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Help wildlife feed the family this summer

Last modified: 03 June 2014

Female blackbird

Image: Nigel Blake

Despite a commonly-held view that wild creatures only need help finding food during winter months, we're asking people to put out food this summer too.

Food shortages can occur at any time of year and this can be a major problem for garden birds especially, which are currently trying to find food to feed hungry chicks. Cool and wet conditions such as those experienced in many parts of the UK recently, can make it very difficult for birds to find their staple insect food and in particular caterpillars.

Richard James, a wildlife advisor at the RSPB said “Now is the height of the birds breeding season so there are many busy parents looking for food to feed their hungry offspring. The chilly, damp weather means that insects can be harder to find so the adult birds could benefit from a helping hand.”

“Birds need to find food for their young brood quickly and don’t want to be away from them for too long, so having a supply of seeds, mealworms and suitable kitchen leftovers can really help them out.”

The RSPB actually sells a third more bird food in June than it does in December. The charity believes the food may be eaten more quickly than in other months because birds see it as a convenience and, just like some busy mums and dads, opt for the easier option to keep their children happy.

And it's not just birds that need our help at this time of year. The RSPB is asking people to leave out food for hedgehogs too, such as tinned dog or cat food, crushed biscuits or specialist hedgehog food which can brought from the charity's online shop. (See note 2). Never give hedgehogs milk as it can cause stomach problems.

The RSPB is asking gardeners to plant insect friendly flowers too, so butterflies, bees and other insects can thrive. Honeysuckle, dahlia and cornflower are among those that are attractive to look at and nectar rich for insects.

A year since the RSPB launched its biggest-ever campaign, Giving Nature a Home, almost 300,000 people have pledged to provide summer and winter food for birds, put up a nestbox or plant nectar-rich flowers among other measures to help UK wildlife.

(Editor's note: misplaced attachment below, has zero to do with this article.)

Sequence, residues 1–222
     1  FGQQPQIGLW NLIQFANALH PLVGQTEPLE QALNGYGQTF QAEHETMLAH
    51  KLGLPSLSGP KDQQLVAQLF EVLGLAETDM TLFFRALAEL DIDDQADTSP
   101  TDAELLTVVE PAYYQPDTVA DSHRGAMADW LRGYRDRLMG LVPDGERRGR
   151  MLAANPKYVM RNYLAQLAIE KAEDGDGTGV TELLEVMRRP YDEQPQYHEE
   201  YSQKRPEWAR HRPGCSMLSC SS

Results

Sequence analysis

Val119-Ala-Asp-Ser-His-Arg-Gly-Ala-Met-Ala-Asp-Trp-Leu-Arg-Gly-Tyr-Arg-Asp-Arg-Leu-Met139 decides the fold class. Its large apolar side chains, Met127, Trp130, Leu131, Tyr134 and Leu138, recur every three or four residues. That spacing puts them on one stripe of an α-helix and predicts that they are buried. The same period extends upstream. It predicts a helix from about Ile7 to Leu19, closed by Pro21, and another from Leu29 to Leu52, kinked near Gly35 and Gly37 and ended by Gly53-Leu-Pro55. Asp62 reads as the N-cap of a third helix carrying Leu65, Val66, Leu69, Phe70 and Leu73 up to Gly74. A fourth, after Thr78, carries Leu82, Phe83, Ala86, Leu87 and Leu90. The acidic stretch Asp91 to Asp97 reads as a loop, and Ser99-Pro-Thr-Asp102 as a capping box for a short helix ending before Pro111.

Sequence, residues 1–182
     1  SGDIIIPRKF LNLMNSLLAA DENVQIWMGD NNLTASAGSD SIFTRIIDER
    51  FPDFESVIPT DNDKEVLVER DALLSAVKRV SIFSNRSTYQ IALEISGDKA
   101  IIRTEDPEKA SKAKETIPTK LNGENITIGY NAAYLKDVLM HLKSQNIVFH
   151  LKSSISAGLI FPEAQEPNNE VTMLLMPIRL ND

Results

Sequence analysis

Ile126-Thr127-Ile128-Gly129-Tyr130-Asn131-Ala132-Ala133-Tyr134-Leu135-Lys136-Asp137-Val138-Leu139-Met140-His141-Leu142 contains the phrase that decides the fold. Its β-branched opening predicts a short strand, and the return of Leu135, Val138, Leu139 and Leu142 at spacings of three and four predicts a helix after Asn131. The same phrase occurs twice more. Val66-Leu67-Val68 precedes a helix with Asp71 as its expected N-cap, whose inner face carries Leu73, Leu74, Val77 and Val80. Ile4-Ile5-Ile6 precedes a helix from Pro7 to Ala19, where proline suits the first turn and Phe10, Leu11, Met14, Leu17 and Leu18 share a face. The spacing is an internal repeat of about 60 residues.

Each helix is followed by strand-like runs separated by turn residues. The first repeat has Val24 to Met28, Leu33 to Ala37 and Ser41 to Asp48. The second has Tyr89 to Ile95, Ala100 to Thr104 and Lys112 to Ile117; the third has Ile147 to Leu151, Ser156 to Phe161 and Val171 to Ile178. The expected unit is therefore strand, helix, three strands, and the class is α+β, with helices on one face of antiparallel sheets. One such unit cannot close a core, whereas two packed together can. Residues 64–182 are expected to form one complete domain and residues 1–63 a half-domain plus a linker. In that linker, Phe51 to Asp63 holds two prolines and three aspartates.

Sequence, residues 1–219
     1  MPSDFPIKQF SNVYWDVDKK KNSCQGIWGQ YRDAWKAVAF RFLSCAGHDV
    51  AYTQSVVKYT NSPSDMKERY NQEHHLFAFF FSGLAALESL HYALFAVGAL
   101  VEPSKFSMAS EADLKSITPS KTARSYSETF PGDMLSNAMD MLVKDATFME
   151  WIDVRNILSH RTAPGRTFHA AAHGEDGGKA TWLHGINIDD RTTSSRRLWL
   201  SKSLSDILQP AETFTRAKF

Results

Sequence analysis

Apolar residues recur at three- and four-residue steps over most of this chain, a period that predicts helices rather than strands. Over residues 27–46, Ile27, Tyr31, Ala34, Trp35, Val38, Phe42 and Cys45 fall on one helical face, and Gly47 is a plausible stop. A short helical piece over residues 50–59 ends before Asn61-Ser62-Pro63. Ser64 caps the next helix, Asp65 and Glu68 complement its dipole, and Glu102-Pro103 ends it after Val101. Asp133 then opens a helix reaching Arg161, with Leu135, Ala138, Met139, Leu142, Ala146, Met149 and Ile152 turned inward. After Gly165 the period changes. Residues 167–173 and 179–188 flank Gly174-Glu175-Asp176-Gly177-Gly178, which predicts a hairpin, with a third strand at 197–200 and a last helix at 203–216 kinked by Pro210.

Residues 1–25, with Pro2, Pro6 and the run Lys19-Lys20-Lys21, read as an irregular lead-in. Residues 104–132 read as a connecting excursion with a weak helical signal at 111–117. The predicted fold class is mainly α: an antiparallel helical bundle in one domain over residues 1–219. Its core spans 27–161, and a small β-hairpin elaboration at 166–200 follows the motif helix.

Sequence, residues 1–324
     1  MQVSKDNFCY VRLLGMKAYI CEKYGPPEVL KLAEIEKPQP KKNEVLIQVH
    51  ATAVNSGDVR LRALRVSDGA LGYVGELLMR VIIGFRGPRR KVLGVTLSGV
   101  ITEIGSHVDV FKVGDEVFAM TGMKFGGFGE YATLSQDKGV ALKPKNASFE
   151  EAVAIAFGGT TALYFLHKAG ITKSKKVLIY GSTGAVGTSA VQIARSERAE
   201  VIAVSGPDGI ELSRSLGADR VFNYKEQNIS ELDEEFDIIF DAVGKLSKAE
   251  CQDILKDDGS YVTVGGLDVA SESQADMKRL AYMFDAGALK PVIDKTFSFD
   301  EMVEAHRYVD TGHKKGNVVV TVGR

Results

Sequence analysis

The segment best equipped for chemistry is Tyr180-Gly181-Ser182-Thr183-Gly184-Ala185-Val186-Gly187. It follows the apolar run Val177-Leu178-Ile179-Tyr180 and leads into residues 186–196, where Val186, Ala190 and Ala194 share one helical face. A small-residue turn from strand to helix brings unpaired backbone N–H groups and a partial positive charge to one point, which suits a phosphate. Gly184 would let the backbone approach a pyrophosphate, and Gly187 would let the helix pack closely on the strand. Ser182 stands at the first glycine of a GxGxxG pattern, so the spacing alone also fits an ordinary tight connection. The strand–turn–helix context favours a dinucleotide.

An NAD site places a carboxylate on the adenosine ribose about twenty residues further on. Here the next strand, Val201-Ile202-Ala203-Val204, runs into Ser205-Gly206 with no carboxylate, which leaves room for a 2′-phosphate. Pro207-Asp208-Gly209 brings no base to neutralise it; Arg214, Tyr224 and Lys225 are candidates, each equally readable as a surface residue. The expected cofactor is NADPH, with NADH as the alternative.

And it’s not just members of the public who have been Giving Nature a Home. Last month, LegoLand launched a wildlife garden made entirely from LEGO bricks, designed to inspire visitors to attraction to give nature a home. The set of Emmerdale was one of the first to lend a hand to the campaign, installing a bug hotel, hedgehog house and a nestbox around the famous soap village.

Even the grounds of Downton Abbey have been transformed into a home for nature with a wildflower meadow.

Martin Harper, RSPB Conservation Director, said “The response to the RSPB’s Giving Nature a Home campaign in its first year has been excellent. It shows the desire that many people have to help the wildlife around them. However, we need even more people to give nature a home.”

“You can do as much or as little as you like. Simple steps such as putting out food or installing a nestbox can make a big difference. You could even go on to provide ponds, hedgerows and insect homes too to really make your home an excellent home for nature.” Outstanding footage of garden birds visiting garden feeders was filmed by Brian Reid in his garden in Cambridgeshire. It shows starlings, goldfinches, greenfinches and house sparrows taking advantage of the extra food provided for them.

How you can help

Nature in the UK is in trouble and some of our more familiar garden species are amongst those suffering serious declines. We can all help by giving nature a home where we live.

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